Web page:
7 killed, including suspected gunman, in deadly rampage near UC Santa Barbara

GOLETA, Calif. - A 22-year-old Woodland Hills man suspected of killing six people near the UC Santa Barbara campus had posted a "chilling" video on the Internet in which he described a plan to kill female college students because he was lonely and spurned.

"On the day of retribution, I am going to enter the hottest sorority house at UCSB and slaughter every single spoiled, stuck-up, blonde (student) I see in there," the suspect, Elliot Rodger, said in the video titled "Elliot Rodger's Retribution" that was posted just hours before the rampage.

"After I have annihilated every single girl in the sorority house, I'll take to the streets of Isla Vista and slay every single person I see there," he announced calmly while sitting in the driver's seat of a car.

At a news conference Saturday, Santa Barbara County Sheriff Bill Brown identified Rodger as the man who fatally stabbed three males in an Isla Vista apartment Friday night before going on a six-minute shooting spree during which he killed three other people.

Rodger, a student at Santa Barbara City College, was found dead in his car on an Isla Vista street.

"It would appear as though he took his own life," Brown said.

Two of his alleged victims -- Veronika Weiss, 19, of Westlake Village, and Katie Cooper -- were shot dead outside the Alpha Phi sorority house, Brown said.

A third victim, Christopher Michael-Martinez, 20, of San Luis Obispo, was killed at a nearby deli.

Brown said 13 people were injured, eight of them by gunfire and four from being hit by Rodger's car. One person sustained an unknown minor injury.

According to the sheriff, Rodger was armed with three 9 mm handguns. Two were Sig Sauer P226s and one was a Glock 34. All of the weapons were legally purchased from federally-licensed firearm dealers. One was purchased in Goleta, one in Oxnard and one in Burbank. All were registered to the suspect.

Brown said the suspect also had 34 loaded 10-round magazines for the Sig Sauer pistols and seven 10-round magazines for the Glock pistol.

He said his agency has had three previous contacts with Rodger. The first occurred in July of 2013 when Rodger was contacted at the hospital where he was being treated for injuries and claimed to have been a victim of an assault. The case was suspended pending any additional leads.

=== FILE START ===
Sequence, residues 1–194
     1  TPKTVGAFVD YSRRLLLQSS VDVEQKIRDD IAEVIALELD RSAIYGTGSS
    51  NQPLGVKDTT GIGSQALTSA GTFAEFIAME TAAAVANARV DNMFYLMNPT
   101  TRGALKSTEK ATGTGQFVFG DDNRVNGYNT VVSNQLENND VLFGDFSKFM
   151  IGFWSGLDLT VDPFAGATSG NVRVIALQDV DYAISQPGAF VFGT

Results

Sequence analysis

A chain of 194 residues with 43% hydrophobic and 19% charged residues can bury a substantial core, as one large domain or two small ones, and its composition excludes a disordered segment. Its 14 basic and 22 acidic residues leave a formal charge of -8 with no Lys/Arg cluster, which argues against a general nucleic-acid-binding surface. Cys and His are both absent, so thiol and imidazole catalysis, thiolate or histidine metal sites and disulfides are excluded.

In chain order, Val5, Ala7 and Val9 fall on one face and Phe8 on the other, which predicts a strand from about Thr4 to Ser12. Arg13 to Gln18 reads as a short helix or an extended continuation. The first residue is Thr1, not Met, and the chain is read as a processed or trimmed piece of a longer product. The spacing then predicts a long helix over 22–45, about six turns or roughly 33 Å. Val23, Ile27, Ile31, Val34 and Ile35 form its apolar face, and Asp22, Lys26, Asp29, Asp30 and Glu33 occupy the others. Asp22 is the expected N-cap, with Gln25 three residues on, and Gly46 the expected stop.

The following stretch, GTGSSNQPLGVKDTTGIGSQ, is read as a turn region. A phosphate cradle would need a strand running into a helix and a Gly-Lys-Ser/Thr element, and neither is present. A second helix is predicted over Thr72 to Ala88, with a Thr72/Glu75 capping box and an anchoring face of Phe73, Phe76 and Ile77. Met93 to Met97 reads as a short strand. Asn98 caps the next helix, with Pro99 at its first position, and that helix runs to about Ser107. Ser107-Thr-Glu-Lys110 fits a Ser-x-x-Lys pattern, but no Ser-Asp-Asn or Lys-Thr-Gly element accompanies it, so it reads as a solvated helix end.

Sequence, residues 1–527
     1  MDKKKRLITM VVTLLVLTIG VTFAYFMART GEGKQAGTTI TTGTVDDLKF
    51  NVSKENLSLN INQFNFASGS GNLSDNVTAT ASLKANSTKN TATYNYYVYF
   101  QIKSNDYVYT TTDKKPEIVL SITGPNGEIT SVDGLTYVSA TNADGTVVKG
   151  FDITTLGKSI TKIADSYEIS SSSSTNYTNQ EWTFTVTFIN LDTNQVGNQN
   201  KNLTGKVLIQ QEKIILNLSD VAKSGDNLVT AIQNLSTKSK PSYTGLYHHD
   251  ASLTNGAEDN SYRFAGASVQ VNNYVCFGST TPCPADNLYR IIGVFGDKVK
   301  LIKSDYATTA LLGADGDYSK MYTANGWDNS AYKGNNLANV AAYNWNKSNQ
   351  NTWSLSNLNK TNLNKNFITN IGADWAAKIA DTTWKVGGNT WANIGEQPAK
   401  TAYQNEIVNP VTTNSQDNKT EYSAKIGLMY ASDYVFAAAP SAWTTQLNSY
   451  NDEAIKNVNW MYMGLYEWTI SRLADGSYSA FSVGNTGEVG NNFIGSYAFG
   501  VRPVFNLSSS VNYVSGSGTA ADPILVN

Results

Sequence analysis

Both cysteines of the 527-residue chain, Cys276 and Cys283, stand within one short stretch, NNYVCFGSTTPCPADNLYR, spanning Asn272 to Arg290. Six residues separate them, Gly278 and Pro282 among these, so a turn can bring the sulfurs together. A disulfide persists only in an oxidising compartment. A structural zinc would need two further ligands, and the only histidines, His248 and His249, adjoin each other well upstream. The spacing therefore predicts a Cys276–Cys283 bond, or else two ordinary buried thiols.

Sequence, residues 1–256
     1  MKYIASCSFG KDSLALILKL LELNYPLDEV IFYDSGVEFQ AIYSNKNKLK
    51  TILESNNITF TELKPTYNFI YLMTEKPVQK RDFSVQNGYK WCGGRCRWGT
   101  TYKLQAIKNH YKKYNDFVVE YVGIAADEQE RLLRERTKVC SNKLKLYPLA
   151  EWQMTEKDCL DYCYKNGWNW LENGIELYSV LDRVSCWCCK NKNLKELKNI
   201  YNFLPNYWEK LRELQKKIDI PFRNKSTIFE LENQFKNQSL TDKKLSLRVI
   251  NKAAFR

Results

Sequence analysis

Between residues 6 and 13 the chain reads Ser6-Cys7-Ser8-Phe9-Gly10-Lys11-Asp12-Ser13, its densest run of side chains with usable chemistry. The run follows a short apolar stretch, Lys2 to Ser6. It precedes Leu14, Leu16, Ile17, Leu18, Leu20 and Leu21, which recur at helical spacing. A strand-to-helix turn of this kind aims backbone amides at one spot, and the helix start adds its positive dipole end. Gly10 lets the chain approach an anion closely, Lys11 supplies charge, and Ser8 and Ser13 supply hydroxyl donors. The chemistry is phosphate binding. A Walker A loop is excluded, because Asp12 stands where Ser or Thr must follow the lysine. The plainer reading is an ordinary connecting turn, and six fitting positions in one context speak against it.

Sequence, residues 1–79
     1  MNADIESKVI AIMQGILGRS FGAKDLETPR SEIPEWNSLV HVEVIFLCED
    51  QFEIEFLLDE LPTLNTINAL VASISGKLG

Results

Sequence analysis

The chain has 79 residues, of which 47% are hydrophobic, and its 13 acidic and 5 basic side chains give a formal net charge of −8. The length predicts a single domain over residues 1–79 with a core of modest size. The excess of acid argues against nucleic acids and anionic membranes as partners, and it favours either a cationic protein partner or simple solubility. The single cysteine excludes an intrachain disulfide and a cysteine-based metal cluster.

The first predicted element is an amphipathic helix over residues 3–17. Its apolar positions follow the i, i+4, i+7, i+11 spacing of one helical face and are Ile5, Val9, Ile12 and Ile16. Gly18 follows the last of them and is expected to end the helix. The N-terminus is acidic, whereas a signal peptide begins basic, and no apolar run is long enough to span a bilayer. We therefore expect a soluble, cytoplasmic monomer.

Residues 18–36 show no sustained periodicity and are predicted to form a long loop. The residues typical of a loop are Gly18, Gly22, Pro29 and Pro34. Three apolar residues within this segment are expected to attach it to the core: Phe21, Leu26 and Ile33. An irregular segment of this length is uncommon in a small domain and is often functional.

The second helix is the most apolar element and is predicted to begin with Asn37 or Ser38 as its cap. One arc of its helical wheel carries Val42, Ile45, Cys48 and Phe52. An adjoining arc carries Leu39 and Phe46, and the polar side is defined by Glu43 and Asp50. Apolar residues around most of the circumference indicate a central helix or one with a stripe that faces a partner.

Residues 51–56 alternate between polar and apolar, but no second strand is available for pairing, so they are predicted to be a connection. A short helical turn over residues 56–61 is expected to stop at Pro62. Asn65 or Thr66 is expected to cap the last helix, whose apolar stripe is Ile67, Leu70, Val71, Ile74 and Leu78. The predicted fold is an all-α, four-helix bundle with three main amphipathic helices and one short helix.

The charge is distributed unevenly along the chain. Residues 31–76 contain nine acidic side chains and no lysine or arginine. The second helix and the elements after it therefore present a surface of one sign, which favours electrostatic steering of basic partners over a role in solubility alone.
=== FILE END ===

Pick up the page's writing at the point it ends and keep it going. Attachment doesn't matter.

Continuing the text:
The next occurred in January 2014, when Rodger accused one of his roommates of stealing three candles that were valued at $22. Brown said Rodger made a citizens' arrest on a charge of petty theft. The roommate was booked into jail, cited and released. A petty theft charge was filed by the district attorney in that case.

The third occurred in April of 2014 when deputies checked on Rodger after being called by a concerned family member. The deputies left after determining he did not need to be locked up for mental-health reasons.

Rodger detailed in a manifesto how the deputies almost thwarted his killing plan. He wrote in the 141-page rambling document how he narrowly missed being found out when deputies knocked on his door last month and expressed relief that his apartment wasn't searched because deputies would have found his weapons and his writings and would have foiled his plan.

Brown says he won't second-guess his deputies' decision-making in the encounter. Rodger carried out part of his plan before he was killed.

Brown described the "Retribution" video as "chilling" and said the crimes had been committed by a "madman."

"Tomorrow is the day of retribution, the day I will have my revenge against humanity," Rodger said on the tape, going on to lament his "existence of loneliness, rejection and unfulfilled desires."

Rodger also wrote a blog in which he said, "Being lonely in a beautiful place like Santa Barbara is truly a horrible experience. As I've said many times, a beautiful environment can be the darkest hell if you have to experience it all alone, especially while having to watch other men walking around with their girlfriends.'

"I wish girls were attracted to me, I don't know why they aren't."

"It was very, very apparent that he was severely disturbed," Brown said.

Rodger said on his blog he was born in Britain and raised in Calabasas and Woodland Hills.

His father, Peter Rodger, has worked as an assistant director on the "Hunger Games" series of movies. Family attorney Alan Shifman told reporters that Elliott Rodger had been treated by several mental health professionals and family members had called authorities several weeks ago after being alarmed by YouTube videos he had posted.